I looked into his dark eyes and saw the tears begin to run through the black smudges caked onto his face. The man was badly shaken. He needed care, more care than I could give him. “Well Mr. Vander Dunk, step through here and let’s have at it to see if I can be of assistance.” My hand guided his dusty shoulder through my office door. “Just have a seat and I’ll be right with you.” He labored over to the chair opposite my desk and used every muscle he had to sink down into it.

Eva looked at me with big puppy dog eyes. “Finch that man is a genuine article charity case,” she said under her breath. “Help him. Poor thing!”

“How do you know what he is?”

“Look at the way he’s dressed.”

“So? What of it? He coulda sprang himself from the loony bin for all we know.”

She looked over to him with a bushel full of pity, “No, I don’t think so. He’s hurting. Look at how he’s let himself go to pieces.”

“Well Miss Analyst why don’t you go in there and tweezer out his feelings for me.”

“Clamp it. He obviously needs a detective.”

“Well I doubt he can afford me.”

She chuckled, “You’re not exactly high-end, Finch. Go in there and help that man and stop being a chicken.”

“Who says I’m being a chicken?”

“I am. You’re spooked by him, I can see it.”

She was right. I was. Those eyes were what did it. They were dark and frightened like they’d seen too many unspeakable things. Things I didn’t want to see. Give me a tough guy, or a crooked cop or a crazy frail and I could run circles around them on account of their eyes. I can always read a set and know all I’d need to know. His were blanked out. “Give me your emergency stash. I want to offer him a drink.”

She went around to her desk drawer and pulled out the flask. “Try not to use it all up. You never know when I might have another emergency. ”

“I’ll cover you this time. We can call it an office expense.” I grabbed the flask and slowly entered my own office. I brushed by the seated man cautiously and took my seat trying my best to ignore his stare as I sat down to face him.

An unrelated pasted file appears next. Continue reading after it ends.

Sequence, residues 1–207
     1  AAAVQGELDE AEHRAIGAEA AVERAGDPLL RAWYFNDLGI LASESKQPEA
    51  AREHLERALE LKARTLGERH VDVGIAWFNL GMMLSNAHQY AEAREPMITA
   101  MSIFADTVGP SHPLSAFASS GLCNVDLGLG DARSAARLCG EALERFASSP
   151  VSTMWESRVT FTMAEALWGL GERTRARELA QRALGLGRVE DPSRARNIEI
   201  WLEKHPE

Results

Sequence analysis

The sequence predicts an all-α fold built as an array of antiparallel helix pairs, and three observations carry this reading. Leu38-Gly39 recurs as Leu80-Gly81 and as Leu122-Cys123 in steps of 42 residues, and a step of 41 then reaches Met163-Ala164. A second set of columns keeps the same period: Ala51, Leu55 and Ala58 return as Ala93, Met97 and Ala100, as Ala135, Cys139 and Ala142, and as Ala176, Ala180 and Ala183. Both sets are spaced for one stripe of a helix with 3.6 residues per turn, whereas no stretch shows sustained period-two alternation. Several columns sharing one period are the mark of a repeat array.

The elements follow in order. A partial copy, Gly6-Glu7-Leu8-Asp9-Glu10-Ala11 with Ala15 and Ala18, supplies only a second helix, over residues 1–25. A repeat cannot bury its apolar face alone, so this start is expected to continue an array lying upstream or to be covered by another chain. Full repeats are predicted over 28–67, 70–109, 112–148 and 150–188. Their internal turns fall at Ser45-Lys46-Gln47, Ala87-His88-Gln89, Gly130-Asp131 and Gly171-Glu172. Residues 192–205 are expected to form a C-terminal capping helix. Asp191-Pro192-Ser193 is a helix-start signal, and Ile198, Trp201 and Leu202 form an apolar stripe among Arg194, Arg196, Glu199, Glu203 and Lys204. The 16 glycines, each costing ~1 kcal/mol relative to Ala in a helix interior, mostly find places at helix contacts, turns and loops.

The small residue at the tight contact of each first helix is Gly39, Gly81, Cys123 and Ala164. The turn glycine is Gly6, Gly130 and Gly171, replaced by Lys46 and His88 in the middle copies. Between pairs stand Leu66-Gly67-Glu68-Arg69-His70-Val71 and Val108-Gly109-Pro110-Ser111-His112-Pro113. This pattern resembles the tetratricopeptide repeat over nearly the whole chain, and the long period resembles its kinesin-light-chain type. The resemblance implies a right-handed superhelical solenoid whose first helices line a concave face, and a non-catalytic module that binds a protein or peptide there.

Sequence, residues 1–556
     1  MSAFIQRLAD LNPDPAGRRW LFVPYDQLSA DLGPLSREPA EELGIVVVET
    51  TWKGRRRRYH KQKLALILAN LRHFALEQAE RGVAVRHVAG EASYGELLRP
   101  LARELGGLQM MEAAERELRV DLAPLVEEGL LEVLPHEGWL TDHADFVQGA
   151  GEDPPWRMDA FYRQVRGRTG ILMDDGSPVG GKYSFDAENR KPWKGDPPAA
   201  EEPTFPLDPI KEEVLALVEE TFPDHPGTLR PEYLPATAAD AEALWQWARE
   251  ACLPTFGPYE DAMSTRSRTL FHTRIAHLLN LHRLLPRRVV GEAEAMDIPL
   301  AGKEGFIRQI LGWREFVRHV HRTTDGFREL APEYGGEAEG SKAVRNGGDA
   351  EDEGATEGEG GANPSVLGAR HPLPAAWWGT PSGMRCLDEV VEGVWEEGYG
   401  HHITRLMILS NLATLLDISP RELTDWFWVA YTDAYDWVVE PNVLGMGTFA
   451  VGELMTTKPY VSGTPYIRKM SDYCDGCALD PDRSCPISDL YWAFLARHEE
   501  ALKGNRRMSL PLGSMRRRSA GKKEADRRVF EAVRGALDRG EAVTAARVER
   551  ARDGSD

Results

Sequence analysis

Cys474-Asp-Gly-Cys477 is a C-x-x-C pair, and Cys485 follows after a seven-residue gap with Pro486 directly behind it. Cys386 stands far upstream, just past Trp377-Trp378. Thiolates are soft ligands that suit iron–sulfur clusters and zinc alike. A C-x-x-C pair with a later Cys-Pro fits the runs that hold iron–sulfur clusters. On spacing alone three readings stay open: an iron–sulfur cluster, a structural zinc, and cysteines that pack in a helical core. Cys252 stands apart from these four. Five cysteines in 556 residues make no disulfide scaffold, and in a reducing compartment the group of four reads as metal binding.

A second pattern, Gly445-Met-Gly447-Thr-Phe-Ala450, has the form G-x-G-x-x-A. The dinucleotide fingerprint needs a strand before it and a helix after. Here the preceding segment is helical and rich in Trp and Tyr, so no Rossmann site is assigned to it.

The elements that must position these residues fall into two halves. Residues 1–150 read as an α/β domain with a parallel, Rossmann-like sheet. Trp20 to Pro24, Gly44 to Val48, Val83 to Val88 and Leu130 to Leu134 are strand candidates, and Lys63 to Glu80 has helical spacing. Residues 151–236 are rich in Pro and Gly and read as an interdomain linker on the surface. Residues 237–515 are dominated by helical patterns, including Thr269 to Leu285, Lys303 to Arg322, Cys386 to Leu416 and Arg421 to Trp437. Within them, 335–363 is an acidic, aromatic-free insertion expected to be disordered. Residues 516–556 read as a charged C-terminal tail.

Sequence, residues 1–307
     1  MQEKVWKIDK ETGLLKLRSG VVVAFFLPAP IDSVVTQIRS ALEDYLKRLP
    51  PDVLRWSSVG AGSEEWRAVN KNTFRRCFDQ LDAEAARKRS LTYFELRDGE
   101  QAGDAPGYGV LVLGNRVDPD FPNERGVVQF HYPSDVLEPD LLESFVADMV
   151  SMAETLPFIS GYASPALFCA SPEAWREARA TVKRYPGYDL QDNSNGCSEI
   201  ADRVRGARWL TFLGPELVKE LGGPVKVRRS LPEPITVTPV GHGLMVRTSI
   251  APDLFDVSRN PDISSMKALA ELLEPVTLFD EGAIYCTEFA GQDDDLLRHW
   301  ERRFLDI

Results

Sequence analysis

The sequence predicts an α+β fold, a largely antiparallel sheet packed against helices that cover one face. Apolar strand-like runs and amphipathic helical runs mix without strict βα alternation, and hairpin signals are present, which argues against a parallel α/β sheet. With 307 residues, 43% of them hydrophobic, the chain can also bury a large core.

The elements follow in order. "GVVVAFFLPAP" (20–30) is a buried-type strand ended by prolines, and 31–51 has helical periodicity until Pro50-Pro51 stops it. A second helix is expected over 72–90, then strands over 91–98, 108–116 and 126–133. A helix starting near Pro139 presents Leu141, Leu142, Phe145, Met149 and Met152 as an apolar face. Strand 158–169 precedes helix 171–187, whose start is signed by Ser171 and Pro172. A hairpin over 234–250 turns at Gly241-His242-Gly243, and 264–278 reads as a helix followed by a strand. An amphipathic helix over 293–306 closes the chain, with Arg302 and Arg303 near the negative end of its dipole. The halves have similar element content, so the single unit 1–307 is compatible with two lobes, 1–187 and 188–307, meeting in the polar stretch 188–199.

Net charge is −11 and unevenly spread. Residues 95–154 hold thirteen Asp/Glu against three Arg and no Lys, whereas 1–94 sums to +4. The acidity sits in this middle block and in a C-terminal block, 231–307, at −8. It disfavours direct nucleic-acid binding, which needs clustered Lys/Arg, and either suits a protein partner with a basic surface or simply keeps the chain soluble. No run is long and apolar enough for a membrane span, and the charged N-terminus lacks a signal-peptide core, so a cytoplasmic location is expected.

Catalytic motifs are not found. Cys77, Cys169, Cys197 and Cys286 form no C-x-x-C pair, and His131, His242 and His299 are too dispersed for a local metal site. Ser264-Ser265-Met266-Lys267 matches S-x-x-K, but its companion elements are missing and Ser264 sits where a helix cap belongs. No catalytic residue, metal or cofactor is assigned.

“Forgive me for not calling ahead for an appointment. I own no phone.” His words and posture were gaining strength now that he was seated. “You come on a recommendation, Mr. Finch.”

“Can I offer you a drink?”

“No thank you. I don’t drink.”

“Do you mind if I do?” I was intent on using the glass sitting on my desk, when I heard Eva’s chair fly back yet again.

“Oh no.” She charged into my office. “Excuse me Mr. Vander Dunk.” She grabbed the flask right out of my hands. “None for you. That was for our guest only. Otherwise it’s mine. I’m sure you got something else eating away at the metal in that filing cabinet.” She marched out with her flask in hand feeling smug that she had denied me a drink.

“It’s so hard to get good help these days, Mr. Vander Dunk. It’s a wonder why I even keep her around!” I said the last part loud enough so she could hear me. She simply snorted out a confident laugh. Vander Dunk did not change his expression at all so I got down to business. “Can I ask who recommended my services?”

A small smile flashed across his lips, “Your father, Mr. Finch.”

My face flushed over and went as blank as his eyes. I couldn’t tell if it was the heat or the punch in the gut when he mentioned my old man but I suddenly felt dizzy. My father had been dead for twenty five years.

“You must talk to ghosts Mr. Vander Dunk. My old man died when I was a kid.” Of course it wouldn’t have shocked me to know that this kook could talk to ghosts by the looks of him.

The expression on his face didn’t change at all. “Yes I know. I was there when he died, Mr. Finch. He saved my life. Led four of us out of a bombarded trench to a retreating convoy.”

No one ever spoke of my father after he was killed. Mother never did. I was always under the impression she didn’t like him much and around my brother and me he was tight as a clam. Didn’t like to talk too much unless he really had something to say. He was asked to join the Army during the Great War because he had the carpentry experience needed to help set up camps and build trenches. All we were told was that he was killed, no details and no medals for bravery that was for sure.

“Tom told me he had two sons. Tobias and Roger. He said you were both good boys and would turn out to be fine men.”